Nov 2nd 2008

Boom, Bust, and Recovery in the World Economy

by Jeffrey D. Sachs

Jeffrey D. Sachs is Professor of Economics and Director of the Earth Institute at Columbia University. He is also a Special Adviser to United Nations Secretary-General on the Millennium Development Goals.

NEW YORK - This global economic crisis will go down in history as Greenspan's Folly. This is a crisis made mainly by the United States Federal Reserve Board during the period of easy money and financial deregulation from the mid-1990's until today.

This easy-money policy, backed by regulators who failed to regulate, created unprecedented housing and consumer credit bubbles in the US and other countries, notably those that shared America's policy orientation. The bubble has now burst, and these economies are heading into a steep recession.

At the core of the crisis was the run-up in housing and stock prices, which were way out of line with historical benchmarks. Greenspan stoked two bubbles - the Internet bubble of 1998-2001 and the subsequent housing bubble that is now bursting. In both cases, increases in asset values led US households to think that they had become vastly wealthier, tempting them into a massive increase in their borrowing and spending - for houses, automobiles, and other consumer durables.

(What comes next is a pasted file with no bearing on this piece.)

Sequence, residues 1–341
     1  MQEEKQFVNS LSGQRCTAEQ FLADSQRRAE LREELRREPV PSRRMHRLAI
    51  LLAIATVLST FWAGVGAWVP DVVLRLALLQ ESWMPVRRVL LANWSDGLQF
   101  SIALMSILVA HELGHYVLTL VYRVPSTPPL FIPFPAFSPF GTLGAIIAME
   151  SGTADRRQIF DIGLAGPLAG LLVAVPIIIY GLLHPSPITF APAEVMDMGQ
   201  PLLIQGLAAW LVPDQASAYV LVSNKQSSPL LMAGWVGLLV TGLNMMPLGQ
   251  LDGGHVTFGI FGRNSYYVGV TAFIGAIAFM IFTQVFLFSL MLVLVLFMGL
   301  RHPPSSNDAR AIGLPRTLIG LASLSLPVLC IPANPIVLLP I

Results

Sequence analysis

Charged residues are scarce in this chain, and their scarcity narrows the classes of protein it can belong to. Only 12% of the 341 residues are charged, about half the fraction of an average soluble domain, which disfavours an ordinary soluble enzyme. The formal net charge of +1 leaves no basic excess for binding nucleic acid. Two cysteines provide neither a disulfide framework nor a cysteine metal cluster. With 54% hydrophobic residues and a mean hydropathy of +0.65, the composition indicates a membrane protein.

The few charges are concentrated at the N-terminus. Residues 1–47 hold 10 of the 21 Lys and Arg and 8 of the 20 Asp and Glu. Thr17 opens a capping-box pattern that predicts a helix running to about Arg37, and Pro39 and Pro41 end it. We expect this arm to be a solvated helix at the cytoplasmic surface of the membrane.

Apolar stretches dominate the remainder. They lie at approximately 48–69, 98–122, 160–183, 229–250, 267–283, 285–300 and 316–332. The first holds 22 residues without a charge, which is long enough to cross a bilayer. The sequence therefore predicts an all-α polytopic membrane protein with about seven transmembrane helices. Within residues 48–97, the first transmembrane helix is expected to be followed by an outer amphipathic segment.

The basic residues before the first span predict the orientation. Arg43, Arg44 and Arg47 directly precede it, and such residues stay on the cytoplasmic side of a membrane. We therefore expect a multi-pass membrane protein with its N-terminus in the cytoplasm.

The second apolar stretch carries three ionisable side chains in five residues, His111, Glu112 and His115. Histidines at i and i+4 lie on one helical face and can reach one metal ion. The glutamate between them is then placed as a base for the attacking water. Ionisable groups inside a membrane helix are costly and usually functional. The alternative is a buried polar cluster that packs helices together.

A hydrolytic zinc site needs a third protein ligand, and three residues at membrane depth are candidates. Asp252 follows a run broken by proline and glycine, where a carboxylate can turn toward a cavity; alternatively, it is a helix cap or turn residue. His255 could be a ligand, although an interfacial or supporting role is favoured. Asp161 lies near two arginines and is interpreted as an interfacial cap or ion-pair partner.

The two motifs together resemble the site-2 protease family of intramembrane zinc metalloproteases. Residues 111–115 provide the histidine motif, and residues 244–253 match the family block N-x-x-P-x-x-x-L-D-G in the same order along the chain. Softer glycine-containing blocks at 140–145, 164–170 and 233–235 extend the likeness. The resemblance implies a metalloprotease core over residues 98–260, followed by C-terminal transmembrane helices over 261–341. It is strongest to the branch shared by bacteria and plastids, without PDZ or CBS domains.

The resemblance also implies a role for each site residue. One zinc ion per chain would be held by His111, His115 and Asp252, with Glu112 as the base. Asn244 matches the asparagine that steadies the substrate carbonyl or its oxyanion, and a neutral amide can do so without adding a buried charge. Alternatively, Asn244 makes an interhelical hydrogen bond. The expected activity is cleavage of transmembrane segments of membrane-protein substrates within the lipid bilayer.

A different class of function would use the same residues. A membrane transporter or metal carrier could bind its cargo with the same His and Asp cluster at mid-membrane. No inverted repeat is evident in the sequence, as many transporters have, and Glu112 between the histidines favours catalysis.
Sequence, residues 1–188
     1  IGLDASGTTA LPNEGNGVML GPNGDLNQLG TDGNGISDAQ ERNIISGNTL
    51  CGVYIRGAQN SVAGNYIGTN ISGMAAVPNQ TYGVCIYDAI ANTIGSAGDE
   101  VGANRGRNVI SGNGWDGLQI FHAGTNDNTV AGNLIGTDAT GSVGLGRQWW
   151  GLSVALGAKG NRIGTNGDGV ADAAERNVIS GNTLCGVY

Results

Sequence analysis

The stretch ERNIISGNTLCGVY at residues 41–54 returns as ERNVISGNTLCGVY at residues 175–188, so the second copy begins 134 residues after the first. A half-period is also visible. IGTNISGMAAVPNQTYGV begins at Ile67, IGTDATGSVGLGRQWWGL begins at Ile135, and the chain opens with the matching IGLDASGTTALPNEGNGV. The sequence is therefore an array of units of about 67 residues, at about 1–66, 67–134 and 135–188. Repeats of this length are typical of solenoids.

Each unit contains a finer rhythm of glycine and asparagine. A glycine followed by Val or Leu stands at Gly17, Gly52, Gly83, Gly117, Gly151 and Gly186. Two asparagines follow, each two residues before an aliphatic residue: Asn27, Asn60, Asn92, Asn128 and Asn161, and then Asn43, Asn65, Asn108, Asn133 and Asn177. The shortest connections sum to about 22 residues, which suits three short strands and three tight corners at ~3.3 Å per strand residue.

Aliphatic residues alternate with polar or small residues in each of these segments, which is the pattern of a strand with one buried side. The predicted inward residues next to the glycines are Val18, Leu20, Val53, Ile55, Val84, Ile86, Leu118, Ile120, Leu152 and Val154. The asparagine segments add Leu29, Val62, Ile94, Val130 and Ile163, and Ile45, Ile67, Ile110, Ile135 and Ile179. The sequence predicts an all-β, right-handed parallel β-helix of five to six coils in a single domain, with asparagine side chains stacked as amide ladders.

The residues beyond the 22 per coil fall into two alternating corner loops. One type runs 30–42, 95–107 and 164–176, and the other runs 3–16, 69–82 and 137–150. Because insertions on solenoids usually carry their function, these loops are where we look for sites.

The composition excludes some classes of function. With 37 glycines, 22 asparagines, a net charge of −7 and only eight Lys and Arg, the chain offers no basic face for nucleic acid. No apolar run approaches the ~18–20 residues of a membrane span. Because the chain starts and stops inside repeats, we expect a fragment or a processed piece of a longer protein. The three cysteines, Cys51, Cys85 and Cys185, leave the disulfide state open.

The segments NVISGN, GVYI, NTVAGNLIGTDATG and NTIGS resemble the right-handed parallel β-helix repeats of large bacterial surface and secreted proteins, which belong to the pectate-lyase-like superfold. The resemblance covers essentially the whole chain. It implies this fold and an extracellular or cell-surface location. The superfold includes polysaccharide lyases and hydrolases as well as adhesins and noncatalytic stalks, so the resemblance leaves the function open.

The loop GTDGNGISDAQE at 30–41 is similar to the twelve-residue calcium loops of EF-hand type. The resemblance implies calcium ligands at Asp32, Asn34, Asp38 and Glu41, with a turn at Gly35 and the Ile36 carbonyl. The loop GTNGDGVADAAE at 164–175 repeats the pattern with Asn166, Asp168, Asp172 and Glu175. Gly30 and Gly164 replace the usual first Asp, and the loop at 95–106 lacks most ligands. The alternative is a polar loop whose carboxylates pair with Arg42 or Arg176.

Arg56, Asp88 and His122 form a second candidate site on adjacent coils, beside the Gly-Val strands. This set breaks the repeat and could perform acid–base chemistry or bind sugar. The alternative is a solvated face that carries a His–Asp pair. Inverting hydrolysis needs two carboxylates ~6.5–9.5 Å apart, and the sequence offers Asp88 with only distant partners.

Financial markets were eager to lend to these households, in part because the credit markets were deregulated, which served as an invitation to reckless lending. Because of the boom in housing and stock market prices, US household net wealth increased by around $18 trillion during 1996-2006. The rise in consumption based on this wealth in turn raised house prices further, convincing households and lenders to ratchet up the bubble another notch.